Interpretation of log transformations in linear models: just how accurate is it?

If linear regression is statistics/econometrics 101, then log transformations of dependent and independent variables and the associated interpretations must be statistics/econometrics 102.

Typically, you are told that:

  • If you log-transform an independent variable, then the regression coefficient \( b \) associated with that variable can be interpreted as “for every 1% increase in the independent variable, the dependent variable increases by \( \frac{b}{100} \) units”.
  • If you log-transform a dependent variable, then the regression coeffcient \( b \) tells you that for every unit increase in the independent variable, the dependent variable increases by \( b\% \).
  • If you log-transform both the dependent and independent variables, then the interpretation is that for every 1% increase in the independent variable, the dependent variable increases by \( b\% \). This is especially useful for economists studying price elasticities, for example.
Lecture notes from the Econometrics class in my undergraduate studies

If you are lucky, you may be told that you need to be careful with the interpretation of coefficients in case your dependent variable is log-transformed and the coefficients are not small. And maybe even given the precise formula to obtain the percentage effect: \( 100 \left ( e^{b} – 1 \right ) \). That’s exactly what happened in my class, and I am happy it nudged me to investigate this further. I think a lot of people may overestimate how accurate the percentage-based interpretations really are.

To begin with, where do all these percentages come from? The typical explanation relies on the fact that the first-order derivative of the natural logarithm is \( \frac{1}{x} \). But derivatives are all about “very small” changes in value and arguably 1 unit increase/decrease is not that small.

Here’s what the maths looks like for the simplest model \(y = a + bx\):

Log-transform of an independent variable (linear-log model):

$$ y_0 = a + b \log \left( x \right) \text{ (our “base case”) } $$

$$ y_1 = a + b \log \left( 1.01x \right) \text{ (x increases by 1%) } $$

$$ y_1 – y_0 = b \log \left( 1.01x \right) – b \log \left( x \right) = b \log \left( \frac{1.01x}{x} \right) = b \log \left(1.01 \right) $$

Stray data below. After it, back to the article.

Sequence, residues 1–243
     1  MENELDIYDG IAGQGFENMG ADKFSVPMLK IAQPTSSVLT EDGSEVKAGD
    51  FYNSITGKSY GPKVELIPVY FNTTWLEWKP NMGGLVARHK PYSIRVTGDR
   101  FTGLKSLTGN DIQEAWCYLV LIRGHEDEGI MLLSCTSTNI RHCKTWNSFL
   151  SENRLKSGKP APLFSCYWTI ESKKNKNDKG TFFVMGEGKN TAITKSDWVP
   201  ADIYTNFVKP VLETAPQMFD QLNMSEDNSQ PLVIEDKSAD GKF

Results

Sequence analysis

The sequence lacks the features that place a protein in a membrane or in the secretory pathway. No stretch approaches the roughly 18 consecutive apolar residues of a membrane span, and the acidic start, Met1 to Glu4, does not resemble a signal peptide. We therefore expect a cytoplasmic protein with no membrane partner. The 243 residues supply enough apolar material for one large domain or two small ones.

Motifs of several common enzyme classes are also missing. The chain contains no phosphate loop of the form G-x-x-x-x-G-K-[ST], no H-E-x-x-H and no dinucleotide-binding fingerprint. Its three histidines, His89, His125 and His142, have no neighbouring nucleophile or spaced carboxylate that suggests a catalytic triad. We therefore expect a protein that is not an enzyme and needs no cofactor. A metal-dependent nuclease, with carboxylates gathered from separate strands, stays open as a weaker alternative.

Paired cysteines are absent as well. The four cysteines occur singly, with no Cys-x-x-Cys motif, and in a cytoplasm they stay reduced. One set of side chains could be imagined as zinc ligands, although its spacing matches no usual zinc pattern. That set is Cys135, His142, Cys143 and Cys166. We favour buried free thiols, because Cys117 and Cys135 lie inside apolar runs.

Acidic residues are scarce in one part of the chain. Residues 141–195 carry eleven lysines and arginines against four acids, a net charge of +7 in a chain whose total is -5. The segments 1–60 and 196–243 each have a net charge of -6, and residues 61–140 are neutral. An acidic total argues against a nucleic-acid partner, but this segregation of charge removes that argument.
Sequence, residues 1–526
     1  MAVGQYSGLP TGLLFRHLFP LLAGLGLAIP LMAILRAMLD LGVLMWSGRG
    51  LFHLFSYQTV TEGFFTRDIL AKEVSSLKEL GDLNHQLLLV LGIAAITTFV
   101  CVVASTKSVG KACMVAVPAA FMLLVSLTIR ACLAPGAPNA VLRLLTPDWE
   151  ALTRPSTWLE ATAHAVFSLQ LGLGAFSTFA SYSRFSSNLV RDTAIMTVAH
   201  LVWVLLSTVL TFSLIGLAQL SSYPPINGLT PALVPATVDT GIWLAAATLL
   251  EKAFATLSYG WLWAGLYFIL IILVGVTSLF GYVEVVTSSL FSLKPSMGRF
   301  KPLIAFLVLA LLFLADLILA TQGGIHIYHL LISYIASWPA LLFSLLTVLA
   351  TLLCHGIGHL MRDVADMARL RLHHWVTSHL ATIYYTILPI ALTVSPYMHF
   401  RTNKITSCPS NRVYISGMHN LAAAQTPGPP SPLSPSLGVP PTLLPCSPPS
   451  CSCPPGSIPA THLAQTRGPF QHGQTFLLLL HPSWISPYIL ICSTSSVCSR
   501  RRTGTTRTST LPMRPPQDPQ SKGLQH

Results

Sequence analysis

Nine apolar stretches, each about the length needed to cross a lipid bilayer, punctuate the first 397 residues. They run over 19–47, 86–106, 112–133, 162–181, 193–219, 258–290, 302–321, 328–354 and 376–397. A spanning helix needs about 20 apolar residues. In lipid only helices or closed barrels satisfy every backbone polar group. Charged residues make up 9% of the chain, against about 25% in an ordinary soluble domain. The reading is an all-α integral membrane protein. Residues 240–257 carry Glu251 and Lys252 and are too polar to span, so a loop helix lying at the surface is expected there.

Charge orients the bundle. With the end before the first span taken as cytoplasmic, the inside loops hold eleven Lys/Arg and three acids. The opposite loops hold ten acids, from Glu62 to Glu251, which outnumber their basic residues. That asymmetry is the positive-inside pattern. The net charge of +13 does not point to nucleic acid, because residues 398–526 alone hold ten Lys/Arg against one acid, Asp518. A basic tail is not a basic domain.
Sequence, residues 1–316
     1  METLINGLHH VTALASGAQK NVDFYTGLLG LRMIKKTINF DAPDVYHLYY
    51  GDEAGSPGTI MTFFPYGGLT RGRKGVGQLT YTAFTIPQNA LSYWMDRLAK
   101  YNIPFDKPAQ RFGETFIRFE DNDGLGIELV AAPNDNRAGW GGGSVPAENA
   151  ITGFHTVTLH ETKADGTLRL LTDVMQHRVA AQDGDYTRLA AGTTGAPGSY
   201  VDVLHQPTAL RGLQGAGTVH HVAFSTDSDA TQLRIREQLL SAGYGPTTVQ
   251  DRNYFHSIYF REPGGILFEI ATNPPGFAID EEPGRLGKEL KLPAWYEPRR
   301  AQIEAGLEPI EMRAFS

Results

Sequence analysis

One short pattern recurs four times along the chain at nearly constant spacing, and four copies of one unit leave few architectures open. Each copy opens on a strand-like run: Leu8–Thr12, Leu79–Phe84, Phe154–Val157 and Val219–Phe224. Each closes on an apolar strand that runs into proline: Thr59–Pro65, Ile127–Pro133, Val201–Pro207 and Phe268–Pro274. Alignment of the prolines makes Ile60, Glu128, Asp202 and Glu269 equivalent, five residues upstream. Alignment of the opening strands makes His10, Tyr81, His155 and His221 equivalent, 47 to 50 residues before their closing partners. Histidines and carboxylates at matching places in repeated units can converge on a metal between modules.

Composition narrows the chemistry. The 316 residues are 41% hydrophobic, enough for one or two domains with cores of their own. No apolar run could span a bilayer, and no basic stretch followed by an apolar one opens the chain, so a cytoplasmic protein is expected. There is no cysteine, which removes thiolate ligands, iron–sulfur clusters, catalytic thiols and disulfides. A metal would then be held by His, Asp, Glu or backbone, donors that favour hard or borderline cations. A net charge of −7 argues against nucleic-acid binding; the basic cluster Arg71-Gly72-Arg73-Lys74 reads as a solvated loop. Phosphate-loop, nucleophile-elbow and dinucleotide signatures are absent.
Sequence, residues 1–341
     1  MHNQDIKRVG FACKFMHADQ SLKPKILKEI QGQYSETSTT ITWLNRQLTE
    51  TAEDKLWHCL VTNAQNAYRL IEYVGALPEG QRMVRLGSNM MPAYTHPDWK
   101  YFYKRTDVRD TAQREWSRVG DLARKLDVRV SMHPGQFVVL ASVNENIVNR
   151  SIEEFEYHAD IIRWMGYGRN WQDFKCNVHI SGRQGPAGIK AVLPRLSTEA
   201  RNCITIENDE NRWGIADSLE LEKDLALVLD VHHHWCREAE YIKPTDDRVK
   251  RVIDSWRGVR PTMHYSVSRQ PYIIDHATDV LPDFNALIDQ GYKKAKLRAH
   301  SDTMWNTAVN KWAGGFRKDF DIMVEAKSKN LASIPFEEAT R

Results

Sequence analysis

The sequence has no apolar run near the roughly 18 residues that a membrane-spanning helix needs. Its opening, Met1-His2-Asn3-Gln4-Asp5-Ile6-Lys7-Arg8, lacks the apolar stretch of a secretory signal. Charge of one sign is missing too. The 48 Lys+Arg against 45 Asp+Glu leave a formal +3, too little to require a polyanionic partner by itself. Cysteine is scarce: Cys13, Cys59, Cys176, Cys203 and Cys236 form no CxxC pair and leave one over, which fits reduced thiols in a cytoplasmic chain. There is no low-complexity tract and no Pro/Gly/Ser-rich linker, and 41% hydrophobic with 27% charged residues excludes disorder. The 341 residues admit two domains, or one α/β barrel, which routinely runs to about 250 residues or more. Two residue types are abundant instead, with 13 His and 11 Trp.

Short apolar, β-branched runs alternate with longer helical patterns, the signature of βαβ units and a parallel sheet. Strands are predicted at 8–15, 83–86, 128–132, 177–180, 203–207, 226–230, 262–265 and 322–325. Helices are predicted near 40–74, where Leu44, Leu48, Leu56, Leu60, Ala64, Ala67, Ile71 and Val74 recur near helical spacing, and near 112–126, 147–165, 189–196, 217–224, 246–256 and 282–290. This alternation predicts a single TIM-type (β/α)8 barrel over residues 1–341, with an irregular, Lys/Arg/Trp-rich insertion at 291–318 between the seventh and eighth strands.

In other words, when \(x\) increases by 1%, the change in \(y\) is not \(b\), but rather \( b \log \left(1.01 \right) \). What is \( \log \left(1.01 \right) \)? It’s approximately \( 0.00995 \) or \(0.001\) and thus the rule all of learned. But it is \(5\% \) off!

Consider the following scenario. You are currently selling goods at a price of $100 and your last year sales were $10m. You are interested in raising the prices by 15% and you want to know what is a reasonable sales budget for the next year. A data scientist runs some analysis and finds that the regression coefficient is -90,000 and thus reports that for every 1% increase in price, you can expect to sell 900 units less. For a 15% price increase, a naive answer would be that 13,500 (90,000 * 15 / 100) less units will be sold. Your sales budget could thus be 115 * (100,000 – 13,500) ~ 9.95m. You begrudgingly prepare yourself for explaining to the higher-ups why a price increase will not result in higher sales.

A precise, answer, however, would be that you should expect \( -90000 \log \left( 1.1 \right) = 12,579 \) less units sold. That would result in a sales budget of $1.005m. A contrived example? Perhaps, but there surely are situations where even such a small difference is important enough.

Things get even more interesting in the log-linear model:

$$ \log \left( y_0 \right) = a + b x \text{ (our “base case”) } $$

$$ \log \left( y_1 \right) = a + b \left( x + 1 \right) \text{ (let’s add 1 to x) } $$

$$ \frac{y_1 – y_0}{y_0} = \frac { e^{a + b \left( x + 1 \right)} – e^{ a + b x } } { e^{ a + b x } } = \frac { e^{a + b x} \left( e^{b} – 1 \right) } { e^{ a + b x } } = e^{b} – 1 $$

Assuming \( b \) is small, \( e^{b} – 1 \approx b \). But what if it is not? Here’s how it looks graphically. If, say, your coefficient is equal to 1, then what it really means is not that “1 unit increase in the independent variable will result in a 1% increase in the response”. It’s actually 1.7%. That’s quite a difference.

Log-linear model coefficient interpretation

As you may guess, in a log-log model everything gets compounded, resulting in the following equation. If you find that your coefficient is, say, -2, then its precise effect on response is not 2% but rather 1.97%.

$$ \frac{y_1 – y_0}{y_0} = e^{b * log 1.01} – 1 $$

Does it matter all the time? Definitely not. But, at least based on how I was taught these topics, I don’t think a lot of people are aware of the approximation errors using the simple percentage-based interpretation. There may be cases where the approximation error is important enough to be aware of.

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Hi! 👋 I am Aurimas Račas. I love all things data, and know a few things about building analytics teams, using data to drive business and product decisions, and have a rare but powerful mix of of strategy, finance and accounting expertise, combined with deep technical BI and data science skills. My code lives on Github, opinions on Twitter / Mastodon, and professional background on LinkedIn.